Seeing another Black Member in Church


Some of us want to attend church and worship without thinking about our race or skin color. An incident occurred when I went to visit a friend in Atlanta serval years ago. This friend is the president of the Atlanta Stake (a geographical ecclesiastic district of the Church consisting of several smaller units or congregations of the Church) and also happens to be Black. One of his counselors, a White Mormon, greeted me as a stranger to my surprise. He did not remember me! I served with him years before as his secretary in another church assignment, but he did not know me.

Never had that happened to me before because there are so few Black members that every other person I have met always remember me! I have pretended to remember hundreds of people to avoid hurting their feelings. This man did not pretend. He did not remember me.

It wounded me to be forgotten. Why? I had become used to being the novelty in my congregation. There are enough members in the Atlanta Stake who are Black that I did not stand out in this man's mind. I had become accustomed to being THE Black Mormon.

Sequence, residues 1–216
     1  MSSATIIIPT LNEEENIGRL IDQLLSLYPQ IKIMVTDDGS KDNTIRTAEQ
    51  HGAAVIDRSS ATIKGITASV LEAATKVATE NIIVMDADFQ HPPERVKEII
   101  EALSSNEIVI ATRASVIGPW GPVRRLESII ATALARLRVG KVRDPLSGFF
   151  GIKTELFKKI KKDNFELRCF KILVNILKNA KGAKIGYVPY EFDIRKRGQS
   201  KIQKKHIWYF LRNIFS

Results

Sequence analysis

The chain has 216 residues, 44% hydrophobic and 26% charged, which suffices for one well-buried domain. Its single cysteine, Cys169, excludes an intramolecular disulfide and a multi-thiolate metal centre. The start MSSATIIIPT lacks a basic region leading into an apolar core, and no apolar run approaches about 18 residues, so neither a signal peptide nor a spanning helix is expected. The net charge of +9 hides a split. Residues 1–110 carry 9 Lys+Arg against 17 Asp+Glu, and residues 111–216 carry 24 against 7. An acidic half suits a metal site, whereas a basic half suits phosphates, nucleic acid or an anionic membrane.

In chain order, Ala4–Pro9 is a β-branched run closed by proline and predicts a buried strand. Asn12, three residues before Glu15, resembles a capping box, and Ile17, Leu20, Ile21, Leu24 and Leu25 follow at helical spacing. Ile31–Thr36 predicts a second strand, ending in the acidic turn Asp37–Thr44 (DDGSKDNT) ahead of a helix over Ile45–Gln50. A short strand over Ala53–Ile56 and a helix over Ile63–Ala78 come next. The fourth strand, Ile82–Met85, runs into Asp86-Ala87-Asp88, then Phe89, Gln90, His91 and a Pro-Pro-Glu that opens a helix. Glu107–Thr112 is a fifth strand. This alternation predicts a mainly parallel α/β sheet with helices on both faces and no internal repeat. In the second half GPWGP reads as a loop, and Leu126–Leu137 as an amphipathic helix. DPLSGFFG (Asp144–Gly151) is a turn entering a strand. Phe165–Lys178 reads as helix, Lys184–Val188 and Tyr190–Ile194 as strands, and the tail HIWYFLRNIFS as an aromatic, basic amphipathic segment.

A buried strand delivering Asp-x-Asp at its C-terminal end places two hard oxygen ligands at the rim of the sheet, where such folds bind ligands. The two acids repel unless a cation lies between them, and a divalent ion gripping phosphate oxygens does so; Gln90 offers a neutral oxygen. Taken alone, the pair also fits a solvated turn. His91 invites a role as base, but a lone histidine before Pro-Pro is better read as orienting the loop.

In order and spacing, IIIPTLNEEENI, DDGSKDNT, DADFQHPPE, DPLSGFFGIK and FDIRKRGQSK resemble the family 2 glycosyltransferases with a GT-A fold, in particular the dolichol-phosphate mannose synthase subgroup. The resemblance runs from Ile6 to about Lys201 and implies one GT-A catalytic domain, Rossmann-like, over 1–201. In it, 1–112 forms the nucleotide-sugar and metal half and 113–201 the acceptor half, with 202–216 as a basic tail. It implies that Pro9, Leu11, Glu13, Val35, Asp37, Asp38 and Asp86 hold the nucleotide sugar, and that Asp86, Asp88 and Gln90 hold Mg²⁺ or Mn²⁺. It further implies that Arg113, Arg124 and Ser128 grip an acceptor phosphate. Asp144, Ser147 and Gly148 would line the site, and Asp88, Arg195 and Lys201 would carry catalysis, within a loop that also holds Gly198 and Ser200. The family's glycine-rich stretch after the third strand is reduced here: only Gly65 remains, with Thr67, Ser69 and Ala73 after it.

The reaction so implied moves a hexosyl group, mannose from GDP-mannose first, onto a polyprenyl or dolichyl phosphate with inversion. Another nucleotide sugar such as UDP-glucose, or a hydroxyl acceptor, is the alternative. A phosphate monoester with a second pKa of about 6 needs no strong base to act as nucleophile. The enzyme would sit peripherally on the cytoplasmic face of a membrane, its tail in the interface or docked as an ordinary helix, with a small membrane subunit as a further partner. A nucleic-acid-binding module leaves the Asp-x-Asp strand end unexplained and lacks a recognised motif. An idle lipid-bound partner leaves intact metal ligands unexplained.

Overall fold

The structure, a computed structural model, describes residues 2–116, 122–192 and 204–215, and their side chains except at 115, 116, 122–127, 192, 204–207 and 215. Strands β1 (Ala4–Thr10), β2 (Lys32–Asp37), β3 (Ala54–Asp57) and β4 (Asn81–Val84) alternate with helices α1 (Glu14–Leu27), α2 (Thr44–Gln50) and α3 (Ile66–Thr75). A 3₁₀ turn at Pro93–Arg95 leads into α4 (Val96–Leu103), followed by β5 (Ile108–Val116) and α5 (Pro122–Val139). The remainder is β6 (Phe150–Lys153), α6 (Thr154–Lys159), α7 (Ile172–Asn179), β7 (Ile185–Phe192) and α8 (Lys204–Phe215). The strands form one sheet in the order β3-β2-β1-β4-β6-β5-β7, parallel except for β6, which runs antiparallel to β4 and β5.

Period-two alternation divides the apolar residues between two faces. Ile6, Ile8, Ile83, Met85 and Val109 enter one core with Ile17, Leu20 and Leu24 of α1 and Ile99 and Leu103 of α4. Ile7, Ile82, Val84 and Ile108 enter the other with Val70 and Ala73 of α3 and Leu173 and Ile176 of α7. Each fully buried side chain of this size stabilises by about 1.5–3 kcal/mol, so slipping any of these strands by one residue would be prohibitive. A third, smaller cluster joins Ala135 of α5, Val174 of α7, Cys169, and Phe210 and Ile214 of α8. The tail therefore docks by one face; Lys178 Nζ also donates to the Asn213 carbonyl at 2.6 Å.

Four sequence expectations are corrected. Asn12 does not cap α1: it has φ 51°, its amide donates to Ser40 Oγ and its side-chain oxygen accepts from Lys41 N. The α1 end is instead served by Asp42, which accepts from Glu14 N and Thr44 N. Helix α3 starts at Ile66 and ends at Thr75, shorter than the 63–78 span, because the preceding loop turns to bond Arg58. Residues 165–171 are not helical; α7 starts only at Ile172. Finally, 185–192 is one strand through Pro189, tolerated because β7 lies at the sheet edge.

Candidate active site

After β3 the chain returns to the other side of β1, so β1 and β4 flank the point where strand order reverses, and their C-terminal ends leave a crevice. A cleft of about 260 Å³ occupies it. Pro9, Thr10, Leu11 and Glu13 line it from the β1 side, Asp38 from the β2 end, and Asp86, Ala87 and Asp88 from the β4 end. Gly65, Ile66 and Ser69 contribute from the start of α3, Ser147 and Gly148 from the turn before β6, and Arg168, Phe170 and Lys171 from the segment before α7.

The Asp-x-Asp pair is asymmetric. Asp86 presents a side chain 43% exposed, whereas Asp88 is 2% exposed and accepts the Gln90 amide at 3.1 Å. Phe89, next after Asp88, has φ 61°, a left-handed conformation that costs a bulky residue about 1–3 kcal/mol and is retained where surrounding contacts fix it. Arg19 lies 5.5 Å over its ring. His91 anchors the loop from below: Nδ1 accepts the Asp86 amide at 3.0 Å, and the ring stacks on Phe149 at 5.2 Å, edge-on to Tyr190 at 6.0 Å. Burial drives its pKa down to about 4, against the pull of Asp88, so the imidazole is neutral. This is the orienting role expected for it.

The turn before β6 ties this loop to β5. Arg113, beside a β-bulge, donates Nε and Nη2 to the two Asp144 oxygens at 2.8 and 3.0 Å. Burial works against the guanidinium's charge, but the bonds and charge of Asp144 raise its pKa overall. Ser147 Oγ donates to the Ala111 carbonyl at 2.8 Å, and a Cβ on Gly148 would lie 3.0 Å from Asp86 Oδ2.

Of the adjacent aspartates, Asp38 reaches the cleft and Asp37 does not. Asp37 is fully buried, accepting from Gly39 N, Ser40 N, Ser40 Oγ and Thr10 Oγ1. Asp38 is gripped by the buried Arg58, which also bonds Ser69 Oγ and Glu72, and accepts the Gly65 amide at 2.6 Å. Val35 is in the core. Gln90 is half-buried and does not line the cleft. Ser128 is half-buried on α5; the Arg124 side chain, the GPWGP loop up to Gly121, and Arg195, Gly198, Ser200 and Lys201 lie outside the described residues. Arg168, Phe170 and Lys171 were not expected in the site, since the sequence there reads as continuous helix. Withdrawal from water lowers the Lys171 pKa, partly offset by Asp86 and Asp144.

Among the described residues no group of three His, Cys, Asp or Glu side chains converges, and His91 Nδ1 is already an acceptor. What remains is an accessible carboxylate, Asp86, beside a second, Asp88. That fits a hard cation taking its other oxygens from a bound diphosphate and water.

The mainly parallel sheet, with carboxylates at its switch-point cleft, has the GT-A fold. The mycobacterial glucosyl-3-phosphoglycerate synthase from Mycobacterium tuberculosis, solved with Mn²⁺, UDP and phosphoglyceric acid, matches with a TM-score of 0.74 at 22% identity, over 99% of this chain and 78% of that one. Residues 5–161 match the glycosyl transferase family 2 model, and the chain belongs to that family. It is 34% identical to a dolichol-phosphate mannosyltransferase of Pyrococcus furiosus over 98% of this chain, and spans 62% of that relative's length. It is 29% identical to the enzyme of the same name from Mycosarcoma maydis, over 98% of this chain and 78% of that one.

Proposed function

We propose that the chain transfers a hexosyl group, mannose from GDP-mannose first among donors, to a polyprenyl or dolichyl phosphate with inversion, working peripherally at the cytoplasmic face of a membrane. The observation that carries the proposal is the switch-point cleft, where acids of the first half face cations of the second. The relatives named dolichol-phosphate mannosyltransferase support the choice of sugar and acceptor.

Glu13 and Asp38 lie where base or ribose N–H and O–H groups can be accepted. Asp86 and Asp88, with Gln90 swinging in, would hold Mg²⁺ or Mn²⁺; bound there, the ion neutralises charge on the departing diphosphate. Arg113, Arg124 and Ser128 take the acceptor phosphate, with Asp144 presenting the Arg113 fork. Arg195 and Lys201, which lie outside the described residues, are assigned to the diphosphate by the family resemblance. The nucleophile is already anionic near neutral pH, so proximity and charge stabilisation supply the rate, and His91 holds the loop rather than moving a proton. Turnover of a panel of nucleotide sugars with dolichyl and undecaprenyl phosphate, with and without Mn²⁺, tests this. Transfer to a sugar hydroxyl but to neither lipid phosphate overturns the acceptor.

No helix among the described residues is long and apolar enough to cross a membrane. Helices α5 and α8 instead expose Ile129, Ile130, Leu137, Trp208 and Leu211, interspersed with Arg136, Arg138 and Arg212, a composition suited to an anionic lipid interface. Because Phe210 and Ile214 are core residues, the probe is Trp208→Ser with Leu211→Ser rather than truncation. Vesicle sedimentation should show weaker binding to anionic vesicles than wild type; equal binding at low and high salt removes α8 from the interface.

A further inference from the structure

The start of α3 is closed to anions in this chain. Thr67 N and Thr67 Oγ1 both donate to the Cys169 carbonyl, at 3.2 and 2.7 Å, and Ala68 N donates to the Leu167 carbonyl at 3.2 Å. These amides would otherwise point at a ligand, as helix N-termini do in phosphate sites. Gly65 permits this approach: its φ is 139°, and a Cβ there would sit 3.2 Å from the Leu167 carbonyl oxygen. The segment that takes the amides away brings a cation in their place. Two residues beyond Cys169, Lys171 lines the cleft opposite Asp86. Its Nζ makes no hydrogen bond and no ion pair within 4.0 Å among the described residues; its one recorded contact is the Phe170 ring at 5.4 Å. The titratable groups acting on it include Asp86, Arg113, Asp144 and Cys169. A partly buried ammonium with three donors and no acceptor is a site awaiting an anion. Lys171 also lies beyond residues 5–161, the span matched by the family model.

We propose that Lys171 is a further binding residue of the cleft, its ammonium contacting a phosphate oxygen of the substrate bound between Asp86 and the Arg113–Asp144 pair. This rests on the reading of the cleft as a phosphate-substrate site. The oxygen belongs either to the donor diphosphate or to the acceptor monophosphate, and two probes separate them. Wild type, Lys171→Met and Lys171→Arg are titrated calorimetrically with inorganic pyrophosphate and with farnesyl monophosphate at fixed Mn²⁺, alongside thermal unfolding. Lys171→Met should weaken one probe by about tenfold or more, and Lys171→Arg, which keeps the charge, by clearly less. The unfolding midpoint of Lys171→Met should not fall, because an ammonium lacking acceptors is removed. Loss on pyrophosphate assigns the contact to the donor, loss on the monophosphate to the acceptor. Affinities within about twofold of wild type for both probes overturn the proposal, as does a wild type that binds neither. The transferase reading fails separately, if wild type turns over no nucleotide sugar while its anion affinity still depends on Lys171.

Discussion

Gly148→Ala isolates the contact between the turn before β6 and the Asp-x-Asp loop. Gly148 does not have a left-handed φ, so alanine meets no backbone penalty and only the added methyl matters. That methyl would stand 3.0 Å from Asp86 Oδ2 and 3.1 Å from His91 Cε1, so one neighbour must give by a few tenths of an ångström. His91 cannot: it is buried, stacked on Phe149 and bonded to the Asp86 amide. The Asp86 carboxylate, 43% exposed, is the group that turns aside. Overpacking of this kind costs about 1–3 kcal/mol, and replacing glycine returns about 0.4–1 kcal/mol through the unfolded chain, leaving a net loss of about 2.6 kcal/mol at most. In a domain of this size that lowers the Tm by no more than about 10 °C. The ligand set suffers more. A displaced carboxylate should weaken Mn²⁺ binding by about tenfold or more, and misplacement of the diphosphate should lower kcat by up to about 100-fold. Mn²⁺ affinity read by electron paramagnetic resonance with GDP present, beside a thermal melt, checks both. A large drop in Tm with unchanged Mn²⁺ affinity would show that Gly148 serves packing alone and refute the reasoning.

Living in Arizona where there are few Black citizens, funny enough, I have been in congregations who are composed of people of my generation and are familiar with people of color. I have not received the novelty treatment and can attend church as a member. I am not the Black Mormon. I am Brother Johnson.

When I do see another Black member of the church who is not a family member, I envision us acting out the scene from the movie The Color Purple where sisters Nettie and Celie meet each other after spending several decades in forced separation--climatic meeting!. See that Spielberg masterpiece.

One sister saw me in the Gilbert Temple (separate building from a meeting house where sacred ceremonies like marriage and vicarious ordinances are performed) and called me over to her simply to make my acquaintance! It was embarrassing but worth the visit. I promised myself that if I see a Black person at Church other than my family, that I would introduce myself without feeling embarrassed that it excited me to see someone who looks like me.